A raft of cuts in red tape will make it easier for village halls to be the social heart of their communities, says leading rural network ACRE.
The charity says major changes to Government regulations on entertainment licensing, which come fully into force from April 6, have reduced the burden on community buildings.
It says village halls now face less paperwork when it comes to putting on the events, plays, performances and social evenings which pull communities together.
ACRE, the national voice for England’s rural community councils, runs an information and advice service for the country’s 10,000 village halls through its network of dedicated advisers.
Its research shows that alongside traditional activities such as youth clubs, WI, gardening clubs and whist drives, village halls are hosting newer crazes such as Pilates and Zumba and have seen a rise in exercise and keep fit classes.
The charity has produced a new guide ‘Entertainment in Village Halls’ which steers management committees through the rules and regulations on licensing, music copyright, cinema, events and more. It is available through local Village Hall Advisers nationwide.
The main piece of legislation affected by the changes is the Licensing Act 2003, which introduced a single system to regulate the provision of entertainment to the public (or in private where a charge is made with a view to profit), the sale or supply of alcohol, and the provision of late-night refreshment.
ACRE campaigned for changes to this legislation, significantly bringing about the introduction of the Legislative Reform (Supervision of alcohol sales in village halls) Order 2009.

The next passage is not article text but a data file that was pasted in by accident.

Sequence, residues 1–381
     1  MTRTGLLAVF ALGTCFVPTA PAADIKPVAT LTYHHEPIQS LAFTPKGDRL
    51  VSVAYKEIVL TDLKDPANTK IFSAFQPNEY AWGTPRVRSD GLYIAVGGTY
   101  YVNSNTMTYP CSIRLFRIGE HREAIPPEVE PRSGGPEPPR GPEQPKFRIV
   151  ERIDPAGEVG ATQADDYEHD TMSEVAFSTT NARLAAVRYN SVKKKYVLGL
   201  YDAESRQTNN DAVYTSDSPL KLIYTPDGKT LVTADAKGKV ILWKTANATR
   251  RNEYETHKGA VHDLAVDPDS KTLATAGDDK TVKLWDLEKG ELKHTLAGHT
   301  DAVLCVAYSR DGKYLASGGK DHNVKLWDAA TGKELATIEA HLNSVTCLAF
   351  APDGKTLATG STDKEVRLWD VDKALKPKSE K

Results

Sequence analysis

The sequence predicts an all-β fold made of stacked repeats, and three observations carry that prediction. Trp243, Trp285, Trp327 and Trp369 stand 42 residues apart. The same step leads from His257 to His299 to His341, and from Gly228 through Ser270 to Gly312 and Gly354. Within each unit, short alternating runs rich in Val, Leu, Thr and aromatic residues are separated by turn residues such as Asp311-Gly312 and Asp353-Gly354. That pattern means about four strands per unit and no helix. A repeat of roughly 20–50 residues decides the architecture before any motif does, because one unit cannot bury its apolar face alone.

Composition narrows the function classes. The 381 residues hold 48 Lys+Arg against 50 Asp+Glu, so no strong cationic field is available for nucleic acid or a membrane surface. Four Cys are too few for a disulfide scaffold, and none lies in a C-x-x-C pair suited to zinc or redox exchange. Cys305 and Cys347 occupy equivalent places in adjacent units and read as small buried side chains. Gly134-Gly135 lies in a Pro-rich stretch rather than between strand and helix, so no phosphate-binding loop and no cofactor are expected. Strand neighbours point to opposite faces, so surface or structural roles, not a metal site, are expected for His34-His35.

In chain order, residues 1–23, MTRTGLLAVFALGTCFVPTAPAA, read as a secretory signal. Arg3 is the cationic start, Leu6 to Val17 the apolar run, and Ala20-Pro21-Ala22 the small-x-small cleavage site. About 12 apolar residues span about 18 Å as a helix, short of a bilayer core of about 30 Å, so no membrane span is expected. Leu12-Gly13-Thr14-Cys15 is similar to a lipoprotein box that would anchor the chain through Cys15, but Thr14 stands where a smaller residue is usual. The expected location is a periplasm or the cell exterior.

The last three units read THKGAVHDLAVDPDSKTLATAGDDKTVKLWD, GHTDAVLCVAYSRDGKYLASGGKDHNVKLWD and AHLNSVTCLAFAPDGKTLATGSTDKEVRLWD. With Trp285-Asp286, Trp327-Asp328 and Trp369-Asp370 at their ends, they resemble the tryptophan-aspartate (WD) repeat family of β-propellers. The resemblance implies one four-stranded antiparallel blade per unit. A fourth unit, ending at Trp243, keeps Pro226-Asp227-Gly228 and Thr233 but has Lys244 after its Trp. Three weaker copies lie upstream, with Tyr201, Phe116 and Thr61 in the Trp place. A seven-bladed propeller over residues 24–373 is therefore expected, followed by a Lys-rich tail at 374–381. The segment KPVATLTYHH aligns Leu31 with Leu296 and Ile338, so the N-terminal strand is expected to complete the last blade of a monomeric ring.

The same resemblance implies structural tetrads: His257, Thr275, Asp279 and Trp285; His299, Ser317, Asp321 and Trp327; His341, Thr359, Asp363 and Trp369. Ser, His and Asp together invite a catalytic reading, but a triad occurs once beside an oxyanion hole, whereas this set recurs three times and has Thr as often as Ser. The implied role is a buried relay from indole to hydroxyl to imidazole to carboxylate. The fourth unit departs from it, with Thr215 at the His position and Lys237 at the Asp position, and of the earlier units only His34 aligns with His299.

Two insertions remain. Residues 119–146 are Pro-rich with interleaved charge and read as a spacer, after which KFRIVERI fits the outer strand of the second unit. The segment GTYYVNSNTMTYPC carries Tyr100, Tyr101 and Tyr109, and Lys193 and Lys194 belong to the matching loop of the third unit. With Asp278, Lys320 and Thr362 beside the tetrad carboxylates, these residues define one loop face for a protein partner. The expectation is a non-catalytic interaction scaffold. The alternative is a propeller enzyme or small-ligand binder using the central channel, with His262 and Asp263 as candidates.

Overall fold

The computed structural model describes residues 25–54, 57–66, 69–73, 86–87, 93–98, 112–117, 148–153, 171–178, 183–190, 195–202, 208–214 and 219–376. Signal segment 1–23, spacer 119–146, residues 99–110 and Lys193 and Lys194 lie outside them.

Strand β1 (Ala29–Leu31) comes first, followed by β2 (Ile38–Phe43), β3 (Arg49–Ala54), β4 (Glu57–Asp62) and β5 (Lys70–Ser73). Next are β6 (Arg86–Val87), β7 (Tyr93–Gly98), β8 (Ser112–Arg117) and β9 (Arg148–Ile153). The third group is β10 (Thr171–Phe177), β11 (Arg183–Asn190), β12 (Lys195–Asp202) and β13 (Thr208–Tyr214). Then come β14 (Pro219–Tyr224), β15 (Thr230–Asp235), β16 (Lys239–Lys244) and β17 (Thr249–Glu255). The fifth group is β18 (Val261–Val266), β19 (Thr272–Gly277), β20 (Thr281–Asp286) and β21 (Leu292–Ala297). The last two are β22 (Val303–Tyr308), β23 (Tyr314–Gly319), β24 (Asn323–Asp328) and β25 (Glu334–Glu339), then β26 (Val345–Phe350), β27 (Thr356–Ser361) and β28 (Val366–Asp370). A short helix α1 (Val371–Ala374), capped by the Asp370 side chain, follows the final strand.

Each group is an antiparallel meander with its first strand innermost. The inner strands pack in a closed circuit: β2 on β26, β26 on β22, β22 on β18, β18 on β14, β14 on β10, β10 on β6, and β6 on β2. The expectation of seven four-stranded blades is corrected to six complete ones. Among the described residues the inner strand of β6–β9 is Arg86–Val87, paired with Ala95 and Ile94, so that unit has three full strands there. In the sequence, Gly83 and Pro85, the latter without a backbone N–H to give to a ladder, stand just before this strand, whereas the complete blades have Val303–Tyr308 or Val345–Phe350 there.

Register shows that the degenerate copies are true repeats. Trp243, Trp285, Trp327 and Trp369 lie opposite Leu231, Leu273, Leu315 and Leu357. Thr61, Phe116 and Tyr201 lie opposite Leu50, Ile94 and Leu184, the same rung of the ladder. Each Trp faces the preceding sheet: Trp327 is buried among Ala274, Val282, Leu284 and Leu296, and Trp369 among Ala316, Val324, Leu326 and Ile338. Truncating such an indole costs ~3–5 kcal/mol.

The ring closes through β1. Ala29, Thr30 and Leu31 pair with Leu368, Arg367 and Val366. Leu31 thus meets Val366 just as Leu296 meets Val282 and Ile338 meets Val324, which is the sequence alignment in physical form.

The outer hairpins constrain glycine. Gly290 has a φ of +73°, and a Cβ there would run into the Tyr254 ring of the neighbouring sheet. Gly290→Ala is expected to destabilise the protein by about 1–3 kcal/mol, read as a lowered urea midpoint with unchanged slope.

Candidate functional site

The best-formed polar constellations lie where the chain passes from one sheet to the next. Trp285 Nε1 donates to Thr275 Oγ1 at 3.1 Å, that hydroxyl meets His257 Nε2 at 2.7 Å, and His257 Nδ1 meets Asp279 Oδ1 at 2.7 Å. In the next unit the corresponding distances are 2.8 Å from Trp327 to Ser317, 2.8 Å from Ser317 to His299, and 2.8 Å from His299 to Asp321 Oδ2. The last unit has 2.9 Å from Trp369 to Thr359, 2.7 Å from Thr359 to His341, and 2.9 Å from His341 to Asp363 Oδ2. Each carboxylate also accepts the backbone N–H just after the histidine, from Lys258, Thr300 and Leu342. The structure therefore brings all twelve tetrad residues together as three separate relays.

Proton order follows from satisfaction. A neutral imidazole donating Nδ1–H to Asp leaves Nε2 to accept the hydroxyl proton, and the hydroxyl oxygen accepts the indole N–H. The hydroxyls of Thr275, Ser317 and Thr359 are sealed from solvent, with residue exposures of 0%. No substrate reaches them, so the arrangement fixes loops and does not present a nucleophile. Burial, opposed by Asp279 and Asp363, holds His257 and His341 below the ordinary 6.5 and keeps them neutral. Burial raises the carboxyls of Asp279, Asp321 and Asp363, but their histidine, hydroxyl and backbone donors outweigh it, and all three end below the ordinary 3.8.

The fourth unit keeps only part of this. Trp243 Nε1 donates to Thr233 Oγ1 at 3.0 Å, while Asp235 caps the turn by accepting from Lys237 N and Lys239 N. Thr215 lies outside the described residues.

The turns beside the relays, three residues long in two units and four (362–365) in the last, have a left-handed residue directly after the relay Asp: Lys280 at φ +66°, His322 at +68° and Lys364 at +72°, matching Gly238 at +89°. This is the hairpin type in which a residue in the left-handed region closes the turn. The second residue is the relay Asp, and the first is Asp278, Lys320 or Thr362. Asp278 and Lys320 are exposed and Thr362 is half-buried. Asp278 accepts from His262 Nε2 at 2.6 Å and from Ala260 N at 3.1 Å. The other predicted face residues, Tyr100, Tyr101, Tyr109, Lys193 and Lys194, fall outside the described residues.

The Government recently made further changes to entertainment licensing in line with its policy to remove unnecessary regulations and burdens on the voluntary sector and business, and in particular to cut red tape to encourage the performance of live music.
ACRE’s Village Halls Manager Deborah Clarke said: “It’s great news that the Government has reduced the red tape that takes up so much time for the 80,000 volunteers who run England’s village halls.
“Village halls play an increasingly important role in our communities, serving as a social centre, arts centre, sports centre and, in some cases, providing space for doctors’ surgeries or shops.
“They are often the hub of community activity providing a space for groups and services that otherwise wouldn’t exist and especially valued by older people, who are can be isolated in rural communities with no transport.
“We hope changes in legislation will encourage more halls to put on entertainment that brings communities together.”
The National Rural Touring Forum (NRTF), which represents touring schemes and arts development agencies that help local people to promote events in rural venues, has welcomed the reduction in red tape.
NRTF Development Director Ralph Lister said: “Village halls play an invaluable role in facilitating arts events in rural communities and any relaxation of current legislation is to be welcomed.”